Over the weekend, a kind volunteer for Find a Grave, took photos of Rev. Frank Stiles Woodruff’s resting place in Evergreen Cemetery, Hillside, NJ. Part of the inscription reads “Blessed Are the Pure in Heart.” (You may recall that a while back I did a post on the reverend. He is the one who lived and worked in the late 1800s at what is now the American College in Beirut. To view that post, click here). The large family memorial stone is quite impressive. Frank’s small marker, bearing his initials, appears in the foreground on the right in the wide shot of the family plot. The inscription for Frank on the main monument takes up one of the four sides. Another side lists the names of his parents, Ogden and Phoebe (Asenath Bonnell) Woodruff, who lived to ripe old ages: he to 86 and she to 80. This side of the monument also lists two of his 11 siblings: Lucetta Crane Woodruff (never married, died at 79) and Mary Earl Woodruff (never married, died at 77). William Ring Woodruff (died at age 23), and Edward Earl Woodruff (died at 32) are listed on the side opposite that of the parents’. The remaining face lists Carrie Elizabeth Woodruff (never married, died at 92). (Another sibling, Ogden Bonnell Woodruff is on Find a Grave as well, but is evidently in a different location.)
I had an “a-ha” moment about Mary Earl Woodruff. It must be her dog that appears in this old photo. Actually, she may have simply been the one to order the photo. The reverse side lists her initials and surname and her presumed address at the time, 902 Salem Road.
You know, of all Ogden & Phoebe’s 12 kids (4 girls and 8 boys), only one of the girls, Fannie Meeker Woodruff, went on to marry (William E. Townley). And it appears only half the boys lived long enough to marry: John Woodruff (m. Carrie Conover and lived to 81); Ogden Bonnell Woodruff (m. Helen Budd and lived to 70); Irenus Prime Woodruff (the film Transformers comes to mind for some reason!), m. Ethel Viola Huff but died at 31; and Joseph Whitehead Woodruff (m. Bessie Scott Fry). The twelfth child, Henry Cooley Woodruff, born when Phebe was about 44, died in 1886 after surviving just two years.
I think the Ogden Woodruff family must have been quite close to the Francis Woodruff family, from whom I descend by way of son William Earl Woodruff. Francis had three brothers, and Ogden was the youngest. The other two died quite young: Matthias from yellow fever, contracted in Louisiana at age 24; and Enos at 46. Francis’ kids (born between 1846 and 1855) would have been older than Ogden’s (born between 1860-1884), but Francis’ youngest and Ogden’s oldest weren’t that far apart. A number of them probably attended school at the same time.
The book, The Woodruff Chronicles: A Genealogy, The Long Island-New Jersey Family of John Woodruffe the Immigrant Ancestor to America, Vol. II (Glendale, California: The Arthur H. Clark Company, 1971), provides a couple more clues about some of the Ogden Woodruff children. Lucetta Crane Woodruff “lived in the Woodruff homestead (built before 1800) at 866 Salem Avenue, Hillside, with sisters Mary and Carrie Woodruff, the property once an 82-acre farm. Lucetta died there 3-27-1956.”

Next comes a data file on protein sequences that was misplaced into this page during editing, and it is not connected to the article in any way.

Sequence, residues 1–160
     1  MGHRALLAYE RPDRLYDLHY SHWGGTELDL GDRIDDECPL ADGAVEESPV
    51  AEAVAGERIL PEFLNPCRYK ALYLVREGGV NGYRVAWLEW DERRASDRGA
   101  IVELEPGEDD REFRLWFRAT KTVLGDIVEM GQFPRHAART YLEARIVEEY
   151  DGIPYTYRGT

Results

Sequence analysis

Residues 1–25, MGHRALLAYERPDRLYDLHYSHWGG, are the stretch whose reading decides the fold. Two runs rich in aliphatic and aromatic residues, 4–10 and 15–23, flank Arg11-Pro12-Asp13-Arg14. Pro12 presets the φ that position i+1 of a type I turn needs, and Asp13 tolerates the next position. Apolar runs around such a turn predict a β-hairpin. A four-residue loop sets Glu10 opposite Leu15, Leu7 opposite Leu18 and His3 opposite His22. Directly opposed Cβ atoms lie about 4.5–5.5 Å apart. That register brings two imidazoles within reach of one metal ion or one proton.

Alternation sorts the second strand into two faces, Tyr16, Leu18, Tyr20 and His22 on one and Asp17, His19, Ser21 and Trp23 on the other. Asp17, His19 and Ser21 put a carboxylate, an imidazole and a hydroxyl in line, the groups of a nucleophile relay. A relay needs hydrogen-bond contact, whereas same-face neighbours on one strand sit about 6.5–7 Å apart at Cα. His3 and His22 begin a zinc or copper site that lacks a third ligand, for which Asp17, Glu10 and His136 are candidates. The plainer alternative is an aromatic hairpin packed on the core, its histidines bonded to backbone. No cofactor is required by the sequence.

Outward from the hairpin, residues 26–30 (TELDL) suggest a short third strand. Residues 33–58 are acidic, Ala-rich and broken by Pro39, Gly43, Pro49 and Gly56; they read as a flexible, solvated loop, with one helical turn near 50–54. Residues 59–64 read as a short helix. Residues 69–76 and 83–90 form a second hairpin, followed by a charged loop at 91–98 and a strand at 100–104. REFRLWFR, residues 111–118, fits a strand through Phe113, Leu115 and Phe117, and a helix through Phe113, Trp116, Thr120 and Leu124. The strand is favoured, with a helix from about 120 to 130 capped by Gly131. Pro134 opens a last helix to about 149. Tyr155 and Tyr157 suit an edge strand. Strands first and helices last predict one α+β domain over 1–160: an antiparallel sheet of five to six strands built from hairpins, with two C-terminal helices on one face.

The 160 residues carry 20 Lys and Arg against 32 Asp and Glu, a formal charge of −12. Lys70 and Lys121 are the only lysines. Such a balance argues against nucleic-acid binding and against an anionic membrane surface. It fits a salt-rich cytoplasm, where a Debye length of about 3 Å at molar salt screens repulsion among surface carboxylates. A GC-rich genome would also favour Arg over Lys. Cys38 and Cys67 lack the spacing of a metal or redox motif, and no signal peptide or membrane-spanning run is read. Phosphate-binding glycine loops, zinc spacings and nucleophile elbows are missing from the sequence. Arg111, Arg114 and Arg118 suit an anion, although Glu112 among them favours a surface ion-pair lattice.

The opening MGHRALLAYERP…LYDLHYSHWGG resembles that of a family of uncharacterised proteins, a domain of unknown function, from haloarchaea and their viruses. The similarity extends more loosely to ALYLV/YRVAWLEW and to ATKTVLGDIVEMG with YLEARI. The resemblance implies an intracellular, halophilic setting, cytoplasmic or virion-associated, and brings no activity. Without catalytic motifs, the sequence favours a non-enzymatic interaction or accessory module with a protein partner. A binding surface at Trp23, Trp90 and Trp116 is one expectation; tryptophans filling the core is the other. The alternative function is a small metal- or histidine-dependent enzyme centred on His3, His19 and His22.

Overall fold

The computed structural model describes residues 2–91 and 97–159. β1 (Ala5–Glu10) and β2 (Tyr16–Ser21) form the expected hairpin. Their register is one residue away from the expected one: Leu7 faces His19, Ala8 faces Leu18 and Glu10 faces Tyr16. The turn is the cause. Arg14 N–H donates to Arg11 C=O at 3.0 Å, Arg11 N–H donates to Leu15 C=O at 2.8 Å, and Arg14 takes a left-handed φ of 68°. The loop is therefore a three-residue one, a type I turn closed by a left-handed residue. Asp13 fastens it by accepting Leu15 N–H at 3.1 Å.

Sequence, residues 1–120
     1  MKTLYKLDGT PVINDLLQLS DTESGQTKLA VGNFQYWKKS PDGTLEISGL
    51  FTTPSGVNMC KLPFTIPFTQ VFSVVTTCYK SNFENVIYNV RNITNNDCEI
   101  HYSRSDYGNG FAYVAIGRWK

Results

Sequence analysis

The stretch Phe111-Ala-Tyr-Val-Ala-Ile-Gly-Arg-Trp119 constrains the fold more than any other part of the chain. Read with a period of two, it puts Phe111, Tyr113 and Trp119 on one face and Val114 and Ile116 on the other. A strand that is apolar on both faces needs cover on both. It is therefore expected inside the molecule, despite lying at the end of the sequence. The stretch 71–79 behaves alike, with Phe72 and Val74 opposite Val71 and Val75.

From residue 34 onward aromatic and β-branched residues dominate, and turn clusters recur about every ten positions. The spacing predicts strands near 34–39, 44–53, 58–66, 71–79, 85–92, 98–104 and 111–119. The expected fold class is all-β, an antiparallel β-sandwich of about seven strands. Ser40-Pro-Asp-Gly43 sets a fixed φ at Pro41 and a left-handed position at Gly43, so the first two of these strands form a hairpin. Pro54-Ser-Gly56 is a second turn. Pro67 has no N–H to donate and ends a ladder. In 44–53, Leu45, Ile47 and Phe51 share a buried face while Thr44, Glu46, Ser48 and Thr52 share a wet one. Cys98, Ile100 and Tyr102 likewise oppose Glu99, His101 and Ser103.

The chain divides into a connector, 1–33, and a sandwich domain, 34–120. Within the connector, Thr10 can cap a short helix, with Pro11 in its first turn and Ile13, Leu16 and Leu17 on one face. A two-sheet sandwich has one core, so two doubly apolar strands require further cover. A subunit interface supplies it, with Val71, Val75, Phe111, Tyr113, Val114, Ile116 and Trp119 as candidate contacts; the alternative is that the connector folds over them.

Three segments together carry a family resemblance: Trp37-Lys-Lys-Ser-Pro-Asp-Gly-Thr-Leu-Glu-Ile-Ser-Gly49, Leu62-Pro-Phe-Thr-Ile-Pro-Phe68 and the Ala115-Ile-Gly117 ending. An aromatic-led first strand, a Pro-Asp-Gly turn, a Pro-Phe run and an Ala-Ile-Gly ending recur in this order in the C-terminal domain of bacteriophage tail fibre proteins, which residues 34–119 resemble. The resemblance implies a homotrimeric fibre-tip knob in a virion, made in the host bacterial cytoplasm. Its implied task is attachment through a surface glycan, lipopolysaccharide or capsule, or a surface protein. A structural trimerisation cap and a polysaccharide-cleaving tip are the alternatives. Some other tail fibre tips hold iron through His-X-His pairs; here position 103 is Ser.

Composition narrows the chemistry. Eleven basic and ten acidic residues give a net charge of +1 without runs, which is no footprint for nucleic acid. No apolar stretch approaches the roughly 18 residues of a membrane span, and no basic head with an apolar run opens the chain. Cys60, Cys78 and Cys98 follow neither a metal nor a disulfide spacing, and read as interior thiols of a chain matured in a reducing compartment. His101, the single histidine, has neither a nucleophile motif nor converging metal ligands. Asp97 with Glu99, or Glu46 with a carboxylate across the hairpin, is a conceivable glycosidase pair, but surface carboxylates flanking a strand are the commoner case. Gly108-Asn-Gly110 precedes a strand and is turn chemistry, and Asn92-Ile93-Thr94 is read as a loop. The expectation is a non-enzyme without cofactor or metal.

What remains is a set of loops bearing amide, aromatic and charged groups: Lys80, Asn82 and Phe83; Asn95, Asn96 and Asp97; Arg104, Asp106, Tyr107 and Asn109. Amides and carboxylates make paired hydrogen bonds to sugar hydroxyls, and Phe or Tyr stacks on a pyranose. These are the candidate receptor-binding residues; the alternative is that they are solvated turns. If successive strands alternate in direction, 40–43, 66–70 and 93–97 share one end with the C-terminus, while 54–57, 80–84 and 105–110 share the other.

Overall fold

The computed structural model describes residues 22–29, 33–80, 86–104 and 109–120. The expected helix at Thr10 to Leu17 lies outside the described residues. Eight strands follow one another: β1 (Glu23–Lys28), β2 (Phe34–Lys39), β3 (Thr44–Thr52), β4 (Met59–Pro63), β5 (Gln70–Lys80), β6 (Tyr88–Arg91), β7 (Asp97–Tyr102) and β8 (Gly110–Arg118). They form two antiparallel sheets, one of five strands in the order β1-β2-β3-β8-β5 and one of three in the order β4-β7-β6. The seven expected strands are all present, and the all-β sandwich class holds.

Youngest daughter Fannie, the only daughter to marry, is described as “beloved wife of William E. Townley II. A native of Hillside, she lived at 431 Jersey Ave., Elizabeth, NJ, where her husband was a retail merchant on Broad Street and later on Grand Avenue., Elizabeth. She died after a long illness, June 17, 1956, at age 74. Her husband and children and two sisters survived,… Mr. and Mrs. Townley collected family records and genealogical data for many years and a considerable portion of the Woodruff records in this Vol. II are the result of 35 years of joint effort with one of the compilers of this book [Ceylon Woodruff Newton and Maurine R. Herod] on Woodruff Newton and . The Townleys were fine upright citizens and Mrs. Townley a devoted wife and mother…” The book goes on to give a sketch of the Townley family. It is here that we can find the names of Fannie Meeker Woodruff and William Townley II’s children, grandchildren, and even great grandchildren. For privacy reasons, I will only list the children in the S-Z tab above.
The lives of all the old Elizabeth families were heavily intertwined with each other. The surnames include those like Meeker, Stiles, Ogden, Earl, Crane, Lyon, and many others. You’ve stumbled upon many of these reading this blog, either as a first name, a middle name, or a surname. They say that if you scratch the surface of any present-day Russian, you’ll find a Tatar, owing to the invasion and occupation of Russia by Mongol hordes during the 13th to 15th centuries. Scratch the surface of some present-day Woodruff descendants, and you just may find a smattering of all those old Elizabeth families mixed in with all the rest.
UPDATE 3/29/2014: Below is a genealogy of the Stiles family from The History of Union County New Jersey, published 1897, pages 341-343. You can see quite a bit of intertwining between the Woodruffs, Stiles, Cranes, etc., all old families of that area: